17. Segmentation • After introducing the script code as middle-level features, the optimization problem becomes • improve the accuracy of segmentation • dramatically reduce the computational complexity of level-building

  18. Graph Model

  19. Result

  20. Outline • Sample collection and segmentation • Learning strategies • Synthesis Strategies • Experimental results • Discussion and Conclusion

  21. Learning Strategies • Data alignment • Trajectory matching • Training set alignment • Shape models

  22. Trajectory Matching • Segmentation and reconstruction of on-line handwritten scripts (1998, Pattern Recognition) Each piece is simple arc, points can be equidistantly sampled from it to represent the stroke

  23. Trajectory Matching • Landmark-point-extraction method • pen-down, pen-up points • local extrema of curvature • inflection points of curvature • A handwriting sample can be divided into as many as six pieces • The same character are mostly composed of the same number of pieces and they match each other naturally

  24. Trajectory Matching • A handwriting sample can be represented by a point vector • s: number of static pieces segmented from the sample • ni: number of points extracted from the i th piece

  25. Trajectory Matching • The following is to align different vector into a common coordinate frame • estimate an affine transform for each samplethat transforms the sample into the coordinate frame • Affine transformations: translation, rotation, scaling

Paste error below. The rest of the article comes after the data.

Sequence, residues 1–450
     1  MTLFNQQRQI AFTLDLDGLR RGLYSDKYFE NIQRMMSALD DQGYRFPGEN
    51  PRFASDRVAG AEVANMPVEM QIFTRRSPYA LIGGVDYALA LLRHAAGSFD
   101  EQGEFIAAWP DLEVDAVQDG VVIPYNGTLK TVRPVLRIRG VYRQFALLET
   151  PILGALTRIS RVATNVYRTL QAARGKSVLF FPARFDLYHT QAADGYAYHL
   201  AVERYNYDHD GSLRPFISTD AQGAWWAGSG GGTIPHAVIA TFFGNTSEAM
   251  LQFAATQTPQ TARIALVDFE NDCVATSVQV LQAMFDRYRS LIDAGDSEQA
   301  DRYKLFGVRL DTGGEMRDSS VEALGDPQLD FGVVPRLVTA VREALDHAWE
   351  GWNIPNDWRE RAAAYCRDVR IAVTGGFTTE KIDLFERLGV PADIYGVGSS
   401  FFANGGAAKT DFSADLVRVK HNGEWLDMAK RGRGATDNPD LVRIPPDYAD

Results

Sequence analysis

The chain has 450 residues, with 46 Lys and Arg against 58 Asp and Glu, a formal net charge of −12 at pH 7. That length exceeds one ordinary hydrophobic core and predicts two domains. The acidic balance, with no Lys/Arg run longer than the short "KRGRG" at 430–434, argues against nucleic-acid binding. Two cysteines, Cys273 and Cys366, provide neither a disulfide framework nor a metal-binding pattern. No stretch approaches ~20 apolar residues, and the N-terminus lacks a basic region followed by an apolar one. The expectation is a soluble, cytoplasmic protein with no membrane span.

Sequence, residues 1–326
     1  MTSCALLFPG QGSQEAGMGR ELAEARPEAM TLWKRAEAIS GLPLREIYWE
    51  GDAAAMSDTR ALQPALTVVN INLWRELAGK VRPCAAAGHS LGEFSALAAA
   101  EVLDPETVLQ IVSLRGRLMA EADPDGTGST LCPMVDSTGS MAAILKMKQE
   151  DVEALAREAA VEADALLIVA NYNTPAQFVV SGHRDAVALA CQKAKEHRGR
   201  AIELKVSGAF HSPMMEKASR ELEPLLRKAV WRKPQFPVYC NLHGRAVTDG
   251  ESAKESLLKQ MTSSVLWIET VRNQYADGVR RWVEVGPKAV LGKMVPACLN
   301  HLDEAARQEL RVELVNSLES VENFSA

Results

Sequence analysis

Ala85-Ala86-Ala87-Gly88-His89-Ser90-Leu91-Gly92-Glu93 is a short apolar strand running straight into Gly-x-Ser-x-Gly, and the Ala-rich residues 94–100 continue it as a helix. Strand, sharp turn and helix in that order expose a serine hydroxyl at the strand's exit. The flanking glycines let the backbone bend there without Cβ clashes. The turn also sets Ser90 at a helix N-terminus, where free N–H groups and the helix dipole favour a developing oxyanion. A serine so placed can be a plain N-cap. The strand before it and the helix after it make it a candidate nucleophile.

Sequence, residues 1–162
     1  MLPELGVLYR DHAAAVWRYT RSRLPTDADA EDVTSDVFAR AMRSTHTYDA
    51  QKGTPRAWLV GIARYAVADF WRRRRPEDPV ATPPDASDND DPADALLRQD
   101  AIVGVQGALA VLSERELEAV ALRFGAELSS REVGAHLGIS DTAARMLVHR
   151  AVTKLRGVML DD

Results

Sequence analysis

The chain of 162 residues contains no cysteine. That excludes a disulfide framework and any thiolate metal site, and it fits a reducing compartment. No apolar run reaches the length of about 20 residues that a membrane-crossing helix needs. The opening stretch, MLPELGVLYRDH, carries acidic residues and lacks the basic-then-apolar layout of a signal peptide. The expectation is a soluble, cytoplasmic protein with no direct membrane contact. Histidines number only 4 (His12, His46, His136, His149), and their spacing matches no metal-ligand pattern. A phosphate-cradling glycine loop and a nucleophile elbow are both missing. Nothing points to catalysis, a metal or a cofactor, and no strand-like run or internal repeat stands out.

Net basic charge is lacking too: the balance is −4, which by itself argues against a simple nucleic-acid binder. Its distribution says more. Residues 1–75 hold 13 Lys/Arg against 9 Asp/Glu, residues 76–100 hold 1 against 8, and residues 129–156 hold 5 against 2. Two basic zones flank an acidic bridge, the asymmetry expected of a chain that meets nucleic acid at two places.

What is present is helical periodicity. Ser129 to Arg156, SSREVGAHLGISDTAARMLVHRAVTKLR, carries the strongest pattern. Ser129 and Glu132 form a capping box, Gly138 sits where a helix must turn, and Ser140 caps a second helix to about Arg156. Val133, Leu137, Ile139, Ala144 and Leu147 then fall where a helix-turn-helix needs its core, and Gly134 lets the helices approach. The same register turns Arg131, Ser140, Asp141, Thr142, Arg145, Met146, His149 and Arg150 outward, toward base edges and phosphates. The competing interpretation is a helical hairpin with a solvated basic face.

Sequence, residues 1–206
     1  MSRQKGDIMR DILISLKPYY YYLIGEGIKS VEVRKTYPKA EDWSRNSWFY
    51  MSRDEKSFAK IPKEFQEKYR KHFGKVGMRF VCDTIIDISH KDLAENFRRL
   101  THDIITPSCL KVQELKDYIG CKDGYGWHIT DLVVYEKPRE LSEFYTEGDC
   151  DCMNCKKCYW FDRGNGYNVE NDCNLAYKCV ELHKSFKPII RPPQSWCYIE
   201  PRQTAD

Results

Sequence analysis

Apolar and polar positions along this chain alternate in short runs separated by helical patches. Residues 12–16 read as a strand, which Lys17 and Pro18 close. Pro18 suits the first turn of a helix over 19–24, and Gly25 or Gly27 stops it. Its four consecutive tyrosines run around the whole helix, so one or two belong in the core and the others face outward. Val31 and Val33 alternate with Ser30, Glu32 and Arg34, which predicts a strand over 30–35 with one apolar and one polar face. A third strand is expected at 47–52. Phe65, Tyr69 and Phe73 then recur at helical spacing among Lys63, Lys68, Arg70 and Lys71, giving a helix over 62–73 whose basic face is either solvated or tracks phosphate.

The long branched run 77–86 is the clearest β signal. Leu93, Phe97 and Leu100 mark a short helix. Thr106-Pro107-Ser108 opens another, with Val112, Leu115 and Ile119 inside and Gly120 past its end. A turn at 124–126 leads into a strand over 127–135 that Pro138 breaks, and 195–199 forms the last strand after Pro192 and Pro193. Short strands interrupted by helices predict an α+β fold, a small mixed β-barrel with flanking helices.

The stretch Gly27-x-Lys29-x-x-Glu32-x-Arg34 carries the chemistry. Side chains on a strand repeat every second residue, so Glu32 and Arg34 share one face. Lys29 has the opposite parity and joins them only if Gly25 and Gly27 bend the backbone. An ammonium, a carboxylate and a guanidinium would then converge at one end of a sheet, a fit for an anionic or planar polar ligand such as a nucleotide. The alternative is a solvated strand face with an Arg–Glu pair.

26. Training Set Alignment • Iterative algorithm(Learning from one example through shared densities on transforms (IEEE CVPR 2000) ) • Deformable energy based criterion is defined as

  27. Training Set Alignment - Algorithm • Maintain an affine transform matrix Ui for each sample, which is set to identity initially • Compute the deformable energy-based criterion E • Repeat until convergence: • For each one of the six unit affine matrixes[14], Aj, j = 1,…,6 • Let • Apply to the sample and recalculate the criterion E • If E has been reduced, accept , otherwise: • Let and apply again,If E has been reduce, accept , otherwise revert to Ui • End